Previous French socialist leaders were wedded to Keynesianism. But Mr Hollande is the first French socialist president to advocate a supply side approach to growth.
So says Philippe Aghion in today’s FT. The piece is a nice diplomatic effort to appease the Germans. However, it is only that. The article continues on the subject of economic growth:
This growth package should have a few distinct components.
The EU should mobilise its structural funds to finance reforms in labour markets, product markets and higher education.
The EU must also do more on what is typically called industrial policy. One idea would be to use the EU budget as collateral for the issuance of so-called “project bonds” that would co-finance industrial projects with the European Investment Bank. Information technology and clean energy are obvious areas for such investments. Another idea that Mr Hollande will pursue is to allow for mutualised debt (eurozone bonds) aimed at financing infrastructure projects.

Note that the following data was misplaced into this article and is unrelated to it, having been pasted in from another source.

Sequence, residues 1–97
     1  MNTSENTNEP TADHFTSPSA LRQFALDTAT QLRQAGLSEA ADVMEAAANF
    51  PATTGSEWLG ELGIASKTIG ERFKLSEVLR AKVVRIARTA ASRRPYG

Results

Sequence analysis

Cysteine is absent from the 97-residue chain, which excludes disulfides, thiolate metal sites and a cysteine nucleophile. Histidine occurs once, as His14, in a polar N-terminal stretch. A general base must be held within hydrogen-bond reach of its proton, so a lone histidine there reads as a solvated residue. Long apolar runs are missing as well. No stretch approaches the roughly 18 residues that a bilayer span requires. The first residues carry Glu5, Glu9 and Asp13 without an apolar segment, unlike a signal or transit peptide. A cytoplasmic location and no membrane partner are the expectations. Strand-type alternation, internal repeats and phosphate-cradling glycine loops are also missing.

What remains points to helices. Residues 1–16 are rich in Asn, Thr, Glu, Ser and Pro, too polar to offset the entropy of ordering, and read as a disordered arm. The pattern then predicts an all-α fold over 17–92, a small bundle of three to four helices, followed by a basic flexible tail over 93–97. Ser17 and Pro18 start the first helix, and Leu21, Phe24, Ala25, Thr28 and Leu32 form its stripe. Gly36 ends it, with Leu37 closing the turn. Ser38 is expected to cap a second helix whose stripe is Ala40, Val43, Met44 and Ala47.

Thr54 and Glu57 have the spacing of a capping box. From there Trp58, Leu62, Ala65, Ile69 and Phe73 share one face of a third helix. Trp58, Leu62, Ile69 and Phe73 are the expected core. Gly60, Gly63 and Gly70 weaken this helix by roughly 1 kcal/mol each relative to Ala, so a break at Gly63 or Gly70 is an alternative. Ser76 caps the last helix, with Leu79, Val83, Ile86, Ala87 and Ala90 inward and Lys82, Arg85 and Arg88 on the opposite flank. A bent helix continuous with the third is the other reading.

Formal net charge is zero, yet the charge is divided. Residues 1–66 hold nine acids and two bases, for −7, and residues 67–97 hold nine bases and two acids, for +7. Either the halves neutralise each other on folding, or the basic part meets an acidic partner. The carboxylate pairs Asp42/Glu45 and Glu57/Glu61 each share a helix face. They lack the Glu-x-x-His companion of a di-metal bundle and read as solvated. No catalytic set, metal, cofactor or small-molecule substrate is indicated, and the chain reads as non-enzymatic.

It seems to me that it is the EU that is supposed to do the Keynesian dirty work (“deficit spending”), while national leaders can shine with their balanced national budgets. If you ever thought that economics has nothing to do with politics, think again. And if you ever thought that balance sheets were not important in economics – well, get out of here!